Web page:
The one or more organic solvents may be added for a variety of reasons. For example, it can be advantageous to add a small amount of an organic solvent to improve the dissolution of a compound in the aqueous medium. Preferable water-soluble organic solvents are polyols (e.g., ethylene glycol, glycerin, 2-ethyl-2-(hydroxymethyl)-1,3-propanediol, tetraethylene glycol, triethylene glycol, tripropylene glycol, 1,2,4-butanetriol, diethylene glycol, propylene glycol, dipropylene glycol, butyleneglycol, 1,6-hexanediol, 1,2-hexanediol, 1,5-pentanediol, 1,2-pentanediol, 2,2-dimethyl-1,3-prapanediol, 2-methyl-2,4-pentanediol, 3-methyl-1,5-pentanediol, 3-methyl-1,3-butanediol, and 2-methyl-1,3-propanediol), amines (e.g., ethanolamine, and 2-(dimethylamino)ethanol), monohydric alcohols (e.g., methanol, ethanol, and butanol), alkyl ethers of polyhydric alcohols (e.g., diethylene glycol monomethyl ether, diethylene glycol monobutyl ether, triethylene glycol monomethyl ether, triethylene glycol monobutyl ether, ethylene glycol monomethyl ether, ethylene glycol monobutyl ether, propylene glycol monomethyl ether, propylene glycol monobutyl ether, and dipropylene glycol monomethyl ether), 2,2′thiodiethanol, amides (e.g., N,N-dimethylformamide), heterocycles (e.g., 2-pyrrolidone and N-methyl-2-pyrrolidone), and acetonitrile.

The aqueous medium may contain a humectant to prevent the clogging of nozzles if the liquid containing the capsules is to be applied via jetting. The prevention is due to its ability to slow down the evaporation rate of the pre-treatment liquid, especially the water in the liquid. The humectant is preferably an organic solvent having a higher boiling point than water. Suitable humectants include triacetin, N-methyl-2-pyrrolidone, glycerol, urea, thiourea, ethylene urea, alkyl urea, alkyl thiourea, dialkyl urea and dialkyl thiourea, diols, including ethanediols, propanediols, propanetriols, butanediols, pentanediols, and hexanediols; glycols, including propylene glycol, polypropylene glycol, ethylene glycol, polyethylene glycol, diethylene glycol, tetraethylene glycol, and mixtures and derivatives thereof. A preferred humectant is glycerol.

The humectant is preferably added to the liquid formulation in an amount of 0.1 to 20 wt. % based on the total weight of the liquid.

B. Aqueous Formulations Comprising the Dispersion of Cationic Stabilised Nanocaps.

B.1. Pre-Treatment Liquid for Textile Printing

The dispersion of the invention can further contain additives to come to an aqueous formulation which is suitable as a pre-treatment liquid for treating textile fabrics before printing aqueous colorant containing inks onto this fabric. The nanocapsules are preferably present in the pre-treatment liquid in an amount of no more than 30 wt. %, preferably between 5 and 25 wt. % based on the total weight of the pre-treatment liquid.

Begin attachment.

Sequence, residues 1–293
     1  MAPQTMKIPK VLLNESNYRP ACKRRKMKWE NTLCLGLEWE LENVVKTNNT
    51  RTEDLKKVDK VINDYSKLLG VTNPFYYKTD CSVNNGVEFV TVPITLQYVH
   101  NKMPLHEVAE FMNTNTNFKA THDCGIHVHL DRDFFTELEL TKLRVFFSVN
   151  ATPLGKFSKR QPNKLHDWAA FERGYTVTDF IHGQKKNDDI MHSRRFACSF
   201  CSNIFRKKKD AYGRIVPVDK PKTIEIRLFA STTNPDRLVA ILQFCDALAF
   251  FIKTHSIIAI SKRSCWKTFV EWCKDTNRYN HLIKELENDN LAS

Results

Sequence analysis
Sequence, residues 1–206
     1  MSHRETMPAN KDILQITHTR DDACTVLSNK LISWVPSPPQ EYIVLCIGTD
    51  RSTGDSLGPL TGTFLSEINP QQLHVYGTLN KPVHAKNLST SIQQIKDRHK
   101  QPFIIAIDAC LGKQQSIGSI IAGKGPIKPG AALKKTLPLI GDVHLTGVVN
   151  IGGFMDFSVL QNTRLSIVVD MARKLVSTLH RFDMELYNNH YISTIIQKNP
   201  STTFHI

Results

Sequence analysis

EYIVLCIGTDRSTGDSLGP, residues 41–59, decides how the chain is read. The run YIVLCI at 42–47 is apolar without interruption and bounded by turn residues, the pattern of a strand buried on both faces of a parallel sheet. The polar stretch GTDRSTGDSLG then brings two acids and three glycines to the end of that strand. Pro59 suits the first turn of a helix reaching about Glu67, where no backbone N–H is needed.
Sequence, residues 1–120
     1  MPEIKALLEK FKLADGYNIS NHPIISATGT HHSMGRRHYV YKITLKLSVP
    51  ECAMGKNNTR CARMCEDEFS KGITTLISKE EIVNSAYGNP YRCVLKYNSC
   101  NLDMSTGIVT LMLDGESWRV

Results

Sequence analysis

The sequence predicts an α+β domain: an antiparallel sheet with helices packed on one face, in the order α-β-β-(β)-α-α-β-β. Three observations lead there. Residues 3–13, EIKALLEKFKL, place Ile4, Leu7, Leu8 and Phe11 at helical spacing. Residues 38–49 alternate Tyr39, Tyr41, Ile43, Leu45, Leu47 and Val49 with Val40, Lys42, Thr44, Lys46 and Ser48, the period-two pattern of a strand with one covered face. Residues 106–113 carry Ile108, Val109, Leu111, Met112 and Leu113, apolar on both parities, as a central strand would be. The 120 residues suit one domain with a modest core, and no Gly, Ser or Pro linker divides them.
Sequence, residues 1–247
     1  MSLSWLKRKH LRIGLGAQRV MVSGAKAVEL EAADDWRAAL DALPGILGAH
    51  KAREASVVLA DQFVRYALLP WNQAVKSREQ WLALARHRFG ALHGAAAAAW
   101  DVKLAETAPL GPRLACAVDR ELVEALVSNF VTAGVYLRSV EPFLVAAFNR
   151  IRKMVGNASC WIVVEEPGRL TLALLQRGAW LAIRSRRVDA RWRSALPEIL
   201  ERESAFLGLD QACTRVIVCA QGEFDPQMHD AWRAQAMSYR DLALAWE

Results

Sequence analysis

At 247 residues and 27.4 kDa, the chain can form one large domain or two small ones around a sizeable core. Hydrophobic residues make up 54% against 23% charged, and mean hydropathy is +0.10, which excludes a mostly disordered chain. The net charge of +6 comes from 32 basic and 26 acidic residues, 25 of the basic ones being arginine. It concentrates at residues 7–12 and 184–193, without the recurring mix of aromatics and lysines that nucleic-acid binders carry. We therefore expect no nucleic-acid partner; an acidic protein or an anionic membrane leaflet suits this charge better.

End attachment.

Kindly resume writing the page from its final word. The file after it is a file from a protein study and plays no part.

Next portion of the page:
Together with the nanocapsules, a multivalent metal ion can be contained in the pre-treatment liquid. Suitable examples are water-soluble metal salts formed from bi- or higher valent metal cations, such as magnesium, calcium, strontium, barium, zirconium, and aluminum, and anions, such as a fluoride ion (F), a chloride ion (Cl), a bromide ion (Br), a sulfate ion (SO42−, a nitrate ion (NO3), and an acetate ion (CH3COO).

These polyvalent metal ions have a function of aggregating ink by acting on the carboxyl groups on the surface of the pigment in the ink jet ink, or on the dispersed polymer of nanocapsules contained in the ink. As a result, the ink remains on the surface of the textile fabric to improve the colour-developing property. Therefore, it is preferred that the surface of the pigment in the ink and/or the dispersed polymer of the nanocapsules contained in the ink have a carboxyl group.

The pre-treatment may also contain organic acids. Preferred examples of the organic acids include, but are not limited to, acetic acid, propionic acid, and lactic acid.

The pre-treatment liquid may further contain a resin emulsion. Examples of the resin include, but are not limited to, starches derived from, for instance, maize and wheat; cellulosic materials such as carboxymethyl cellulose and hydroxymethyl cellulose; polysaccharide such as sodium alginate, gum arabic, locust bean gum, trant gum, guar gum, and tamarindus indica seed; proteins such as gelatine and casein; water-soluble naturally occurring polymers such as tannin and lignin; and synthetic water-soluble polymers such as polymers comprising polyvinyl alcohol, polymers comprising polyethylene oxide, polymers formed from acrylic acid monomers, and polymers formed from maleic anhydride monomers. Very suitable resins are acrylic polymers as described in EP2362014 [0027-0030]. The resin content is preferably not more than 20 wt. % relative to the total mass of the pre-treatment liquid (100 mass %).

The pre-treatment liquid may contain a surfactant. Any known surfactant may be used but preferably a glycol surfactant and/or an acetylene alcohol surfactant. The use of the acetylene glycol surfactant and/or the acetylene alcohol surfactant further reduces bleeding to improve printing quality, and also improves the drying property in printing to allow high-speed printing.

The acetylene glycol surfactant and/or the acetylene alcohol surfactant is preferably one or more selected from 2, 4, 7, 9-tetramethyl-5-decine-4, 7-diol, alkylene oxide adducts of 2,4,7,9-tetramethyl-5-decine-4, 7-diol, 2,4-dimethyl-5-decin-4-ol, and alkylene oxide adducts of 2,4-dimethyl-5-decin-4-ol. These are available, for example, from Air Products (GB) as Olfine (registered trademark) 104 series and E series, such as Olfine El 010, or from Nissin Chemical Industry as Surfynol (registered trademark) 465 and Surfynol 61.